In 1976, the tower became the world’s tallest freestanding structure. It looms about one-third of a mile high (1,815 ft) above Toronto, Canada. A glass floor on the observation deck lets you look 342 meters (1,125 feet) down to the ground.
It took 34 years to create this 50-mile-long canal across the Isthmus of Panama. The amount of digging required and the size of its locks helped make it the most expensive project in American history at that time—and the most deadly: About 80,000 people died during construction (most from disease).
Known as the Chunnel, it links France and England. It is 31 miles long, and 23 of those miles are 150 ft beneath the seabed of the English Channel. High-speed trains whiz through its side-by-side tubes.
Netherlands North Sea Protection Works
Because the Netherlands is below sea level, a series of dams, floodgates, and surge barriers have been built to keep the sea from flooding the country during storms. The biggest part of the project was a two-mile-long moveable surge barrier across an estuary finished in 1986. It is made of 65 concrete piers each weighing 18,000 tons. It has been said that the project is nearly equal in scale to the Great Wall of China.
Golden Gate Bridge
Connecting San Francisco and Marin County in 1937, for many years this was the longest suspension bridge in world. Experts thought that winds, ocean currents, and fog would make it impossible to build. It took about four years to complete the beautiful 1.2-mile-long bridge. It is held by 80,000 miles worth of steel wire, and the cables that link the two towers are 36.5 inches in diameter—the biggest ever made.
Seven Natural Wonders of the World
There are a variety of amazing places all over the globe but the 7 wonders of the world are the most awe-inspiring. These natural wonders of the world can be found on five different continents and are magnificent in their natural beauty.
In Southern Africa, the Zambezi river flows across a flat plateau that extends hundreds of miles in all directions. It is here that one will find the largest waterfall in the world.
Northern Lights – Aurora Borealis
Aurora Borealis, another one of the natural wonders of the world, appears in the North sky and is visible only from the Northern Hemisphere. These northern polar lights appear inadvertently from September to October and March to April.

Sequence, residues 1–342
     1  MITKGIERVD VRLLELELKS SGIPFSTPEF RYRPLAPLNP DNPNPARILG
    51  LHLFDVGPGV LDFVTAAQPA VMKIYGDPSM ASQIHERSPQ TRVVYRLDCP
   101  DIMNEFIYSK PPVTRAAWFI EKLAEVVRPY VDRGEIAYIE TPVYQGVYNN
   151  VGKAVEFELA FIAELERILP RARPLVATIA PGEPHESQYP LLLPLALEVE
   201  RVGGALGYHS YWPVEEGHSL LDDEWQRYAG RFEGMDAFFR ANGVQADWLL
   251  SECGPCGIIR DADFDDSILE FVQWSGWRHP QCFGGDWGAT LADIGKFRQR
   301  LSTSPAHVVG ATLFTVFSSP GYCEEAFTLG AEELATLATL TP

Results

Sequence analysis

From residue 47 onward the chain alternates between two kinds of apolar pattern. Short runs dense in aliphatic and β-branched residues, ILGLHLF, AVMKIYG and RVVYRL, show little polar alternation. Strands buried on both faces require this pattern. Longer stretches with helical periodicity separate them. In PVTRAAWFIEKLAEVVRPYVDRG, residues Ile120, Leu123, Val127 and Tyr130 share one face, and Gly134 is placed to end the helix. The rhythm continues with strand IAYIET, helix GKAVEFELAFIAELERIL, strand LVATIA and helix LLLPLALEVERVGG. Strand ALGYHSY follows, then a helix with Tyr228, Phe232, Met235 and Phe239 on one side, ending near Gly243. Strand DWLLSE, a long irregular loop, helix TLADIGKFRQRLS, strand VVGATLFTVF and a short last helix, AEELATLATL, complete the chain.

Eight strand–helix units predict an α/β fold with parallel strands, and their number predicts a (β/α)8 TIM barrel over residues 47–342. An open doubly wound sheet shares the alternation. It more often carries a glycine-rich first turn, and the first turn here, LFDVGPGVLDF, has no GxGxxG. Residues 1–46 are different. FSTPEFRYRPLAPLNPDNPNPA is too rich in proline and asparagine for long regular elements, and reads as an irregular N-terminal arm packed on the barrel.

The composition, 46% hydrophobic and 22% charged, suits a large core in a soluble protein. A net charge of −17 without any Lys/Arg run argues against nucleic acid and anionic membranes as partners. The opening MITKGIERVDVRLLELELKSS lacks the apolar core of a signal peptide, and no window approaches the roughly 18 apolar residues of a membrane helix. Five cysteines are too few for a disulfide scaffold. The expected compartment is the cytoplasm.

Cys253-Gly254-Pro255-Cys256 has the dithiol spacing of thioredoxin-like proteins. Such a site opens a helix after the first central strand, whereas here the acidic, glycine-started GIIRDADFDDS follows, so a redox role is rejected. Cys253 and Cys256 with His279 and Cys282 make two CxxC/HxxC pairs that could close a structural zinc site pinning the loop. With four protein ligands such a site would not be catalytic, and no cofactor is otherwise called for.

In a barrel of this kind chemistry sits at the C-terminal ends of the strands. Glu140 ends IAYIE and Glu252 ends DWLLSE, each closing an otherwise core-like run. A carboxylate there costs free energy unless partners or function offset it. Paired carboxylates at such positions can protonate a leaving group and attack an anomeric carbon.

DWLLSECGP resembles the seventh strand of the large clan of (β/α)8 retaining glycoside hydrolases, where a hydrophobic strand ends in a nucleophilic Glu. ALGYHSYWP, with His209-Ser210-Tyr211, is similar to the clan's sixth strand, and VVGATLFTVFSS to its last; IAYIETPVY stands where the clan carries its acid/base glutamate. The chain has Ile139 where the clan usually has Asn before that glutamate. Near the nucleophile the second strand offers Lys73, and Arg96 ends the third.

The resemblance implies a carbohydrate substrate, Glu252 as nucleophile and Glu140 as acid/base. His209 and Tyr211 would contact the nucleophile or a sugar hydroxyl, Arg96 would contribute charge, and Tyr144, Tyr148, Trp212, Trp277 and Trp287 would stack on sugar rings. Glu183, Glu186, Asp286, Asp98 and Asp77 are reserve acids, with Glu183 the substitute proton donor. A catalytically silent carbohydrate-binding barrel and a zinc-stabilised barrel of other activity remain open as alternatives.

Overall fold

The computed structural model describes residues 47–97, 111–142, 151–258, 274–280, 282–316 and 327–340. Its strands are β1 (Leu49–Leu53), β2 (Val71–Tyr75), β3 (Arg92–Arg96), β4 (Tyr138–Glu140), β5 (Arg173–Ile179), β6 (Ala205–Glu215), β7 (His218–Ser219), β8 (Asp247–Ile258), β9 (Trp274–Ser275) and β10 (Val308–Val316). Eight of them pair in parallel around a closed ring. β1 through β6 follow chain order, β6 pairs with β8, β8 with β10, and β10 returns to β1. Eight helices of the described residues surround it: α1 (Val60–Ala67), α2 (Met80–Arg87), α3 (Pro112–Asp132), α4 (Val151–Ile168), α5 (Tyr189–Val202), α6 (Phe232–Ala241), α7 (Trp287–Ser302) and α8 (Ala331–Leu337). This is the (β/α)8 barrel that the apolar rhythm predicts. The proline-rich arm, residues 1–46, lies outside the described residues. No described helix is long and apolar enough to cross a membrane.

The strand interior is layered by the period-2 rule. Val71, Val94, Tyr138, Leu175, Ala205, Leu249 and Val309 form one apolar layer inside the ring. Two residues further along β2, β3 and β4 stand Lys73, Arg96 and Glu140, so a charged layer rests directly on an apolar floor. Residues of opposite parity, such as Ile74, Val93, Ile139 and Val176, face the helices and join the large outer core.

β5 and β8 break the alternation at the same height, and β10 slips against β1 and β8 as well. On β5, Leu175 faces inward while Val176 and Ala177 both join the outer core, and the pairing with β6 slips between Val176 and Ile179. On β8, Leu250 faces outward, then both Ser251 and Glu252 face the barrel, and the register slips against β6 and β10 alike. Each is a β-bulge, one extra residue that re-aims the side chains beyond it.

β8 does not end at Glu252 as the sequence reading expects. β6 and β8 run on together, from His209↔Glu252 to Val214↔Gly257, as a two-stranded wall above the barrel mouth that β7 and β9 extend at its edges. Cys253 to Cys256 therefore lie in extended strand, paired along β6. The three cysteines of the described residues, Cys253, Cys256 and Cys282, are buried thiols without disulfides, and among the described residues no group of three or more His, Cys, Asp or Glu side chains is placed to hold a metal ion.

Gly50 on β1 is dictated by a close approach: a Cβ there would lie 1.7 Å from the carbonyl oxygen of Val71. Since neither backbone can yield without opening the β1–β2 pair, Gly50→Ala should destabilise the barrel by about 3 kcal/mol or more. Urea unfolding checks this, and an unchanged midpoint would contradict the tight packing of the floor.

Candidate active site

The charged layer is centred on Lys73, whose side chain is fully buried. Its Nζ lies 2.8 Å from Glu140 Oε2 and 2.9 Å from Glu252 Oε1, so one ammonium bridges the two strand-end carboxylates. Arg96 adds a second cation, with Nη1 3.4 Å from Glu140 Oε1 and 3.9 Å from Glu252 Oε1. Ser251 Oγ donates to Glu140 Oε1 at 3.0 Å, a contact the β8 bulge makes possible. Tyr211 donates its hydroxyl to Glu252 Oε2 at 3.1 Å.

Located in North America is the Grand Canyon. It is 277 miles long, the Colorado Plateau in northwest Arizona. The canyon is up to 18 miles wide, and is a mile deep. The canyon is an erosion formed by water, ice and wind.
In 1943 the Parîcutin Volcano erupted in the state of Michoacán, Mexico. The first man to witness the eruption was a Tarascan Indian farmer, named Dominic Pulido. The Parîcutin is a Monogenetic cone, which means it stems from a single point of eruption. The volcano now stands at 1,345 feet above ground. Its hardened lava covers 9 square miles and its volcanic sand covers 19 square miles.
Harbour of Rio de Janeiro
The Harbour can be viewed in so many ways that it appears differently and can be deceptive. For example, the mountains create an entrance into the bay and can make it appear to be a lake. However, when the Portuguese explorers arrived in 1502, they believed the bay was a large river and named it Rio de Janeiro, the “River of January,” in honor of the month they arrived.
Like the rest of the Himalayas, Mount Everest rose from the floor of the ancient Tethys Sea, on the edge of the Tibetan Plateau. It is considered to be the highest mountain in the world and continues to grow today at the rate of a few millimeters each year.
Great Barrier Reef
The Great Barrier Reef is located along the northeast coast of Queensland, Australia. The Reef stretches 1,615 miles and is the world’s largest coral reef ecosystem composed of 2,900 individual reefs. It supports a variety of vulnerable and endangered species. The Great Barrier Reef covers an area of approximately 214,000 square miles and is the only living organism on earth that is visible from space.